Then, they suffered a miscarriage and later had a son with autism. Their relationship went into a tailspin and they spent less and less time together. After a separation, Robyn and Donny put their non-confrontational natures aside and decided to work on their marriage. Now they make time for one another every day, and they never badmouth each other outside of their marriage.

The couple who exercised together

Young black couple stretching together in the gras

Darcy Reeder and her husband were having a difficult go of it after three years of marriage, even fighting in the car during their three-year-old's nap time, as Darcy detailed in a post for P.S. I Love You. But then they found an unexpected way to connect: YouTube yoga videos. After a false start, they completed a 30-day yoga challenge, and they still work out together three or four days a week.

How did the experience change their relationship? "Rather than repeating the endless cycle of fighting, I let the best in myself recognize the best in my husband, and it's saved our marriage," she wrote.

The couple who created a safe device-free space for communication

Young couple talking and holding hands on a terrace

After 14 years together, Kim Zapata and her husband had essentially stopped having deep and personal conversations, she wrote in a post for Babble. They had grown apart as they changed through the years, and when she announced she was thinking about leaving, he agreed to go to therapy.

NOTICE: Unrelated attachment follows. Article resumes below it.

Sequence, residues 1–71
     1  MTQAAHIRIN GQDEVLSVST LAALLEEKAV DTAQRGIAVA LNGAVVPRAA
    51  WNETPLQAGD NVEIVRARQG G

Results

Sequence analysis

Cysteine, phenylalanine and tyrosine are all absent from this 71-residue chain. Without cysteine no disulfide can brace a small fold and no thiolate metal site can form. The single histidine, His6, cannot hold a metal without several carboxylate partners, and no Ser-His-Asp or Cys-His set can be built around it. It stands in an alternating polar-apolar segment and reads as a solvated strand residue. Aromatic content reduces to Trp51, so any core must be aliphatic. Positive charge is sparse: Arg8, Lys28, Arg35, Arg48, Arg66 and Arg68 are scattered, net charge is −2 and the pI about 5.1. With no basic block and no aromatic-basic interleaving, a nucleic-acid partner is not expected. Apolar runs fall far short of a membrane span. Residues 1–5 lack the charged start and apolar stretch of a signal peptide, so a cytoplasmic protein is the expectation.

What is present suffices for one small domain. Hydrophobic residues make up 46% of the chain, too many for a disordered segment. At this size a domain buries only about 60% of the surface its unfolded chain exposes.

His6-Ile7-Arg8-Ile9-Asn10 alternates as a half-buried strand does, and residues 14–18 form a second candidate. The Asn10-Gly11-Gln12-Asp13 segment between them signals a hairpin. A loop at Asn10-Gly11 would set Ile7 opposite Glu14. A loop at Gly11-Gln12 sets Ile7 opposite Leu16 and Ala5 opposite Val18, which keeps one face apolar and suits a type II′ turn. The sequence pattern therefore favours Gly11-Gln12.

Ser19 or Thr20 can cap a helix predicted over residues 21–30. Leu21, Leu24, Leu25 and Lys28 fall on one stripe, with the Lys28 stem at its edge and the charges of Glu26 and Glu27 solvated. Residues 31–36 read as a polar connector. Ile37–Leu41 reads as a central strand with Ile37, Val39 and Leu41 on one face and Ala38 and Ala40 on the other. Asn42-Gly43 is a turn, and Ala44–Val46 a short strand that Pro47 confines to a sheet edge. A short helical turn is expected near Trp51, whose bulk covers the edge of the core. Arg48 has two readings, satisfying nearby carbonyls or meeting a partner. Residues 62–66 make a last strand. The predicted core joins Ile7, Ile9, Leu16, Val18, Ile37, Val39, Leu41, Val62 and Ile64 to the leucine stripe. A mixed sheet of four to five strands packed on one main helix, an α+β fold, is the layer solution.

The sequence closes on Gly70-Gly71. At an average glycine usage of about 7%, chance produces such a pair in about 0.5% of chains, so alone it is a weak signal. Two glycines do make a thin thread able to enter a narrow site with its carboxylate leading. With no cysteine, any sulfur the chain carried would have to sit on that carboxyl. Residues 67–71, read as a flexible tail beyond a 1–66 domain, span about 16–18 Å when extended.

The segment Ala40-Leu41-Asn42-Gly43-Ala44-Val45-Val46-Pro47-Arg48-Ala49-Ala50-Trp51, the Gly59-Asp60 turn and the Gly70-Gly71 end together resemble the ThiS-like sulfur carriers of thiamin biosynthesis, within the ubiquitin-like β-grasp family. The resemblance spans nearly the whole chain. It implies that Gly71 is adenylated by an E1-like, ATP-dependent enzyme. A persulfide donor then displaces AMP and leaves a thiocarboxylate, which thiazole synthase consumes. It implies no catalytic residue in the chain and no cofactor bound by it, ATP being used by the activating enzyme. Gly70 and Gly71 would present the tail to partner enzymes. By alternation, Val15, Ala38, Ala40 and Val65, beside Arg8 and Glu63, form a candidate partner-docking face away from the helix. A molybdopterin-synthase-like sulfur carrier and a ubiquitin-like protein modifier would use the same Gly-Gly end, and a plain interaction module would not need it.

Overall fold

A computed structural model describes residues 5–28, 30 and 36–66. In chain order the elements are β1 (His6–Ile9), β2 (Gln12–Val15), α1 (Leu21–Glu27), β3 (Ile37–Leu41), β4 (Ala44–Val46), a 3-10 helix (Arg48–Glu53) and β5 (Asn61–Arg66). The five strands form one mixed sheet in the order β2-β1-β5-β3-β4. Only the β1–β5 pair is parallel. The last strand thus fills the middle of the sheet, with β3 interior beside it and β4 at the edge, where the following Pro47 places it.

Talking to a therapist, they realized they needed to create a safe space to talk to one another. "For us, it's nothing more than a set time we put aside each day to address one another, and to truly listen," Kim wrote. "A work-free, device-free, distraction-free time to talk about whatever's on our minds."

The woman who decided to stop playing the blame game

Young multicultural couple sitting on floor talking in the sunshine

For Sylvia Smith and her husband, divorce seemed imminent until she started to examine her own role in their failing marriage, she wrote for Sylvia reexamined her religious faith, which helped, but she also looked at her actions with fresh eyes. "It had much to do with identifying my biggest problem areas, stopping the blame game, and then deciding that I was going to work through the issues that I was contributing, which were compromising our happy marriage," she explained.

The couple who listed everything they loved about one another

Older woman whispering into giggling old man's ear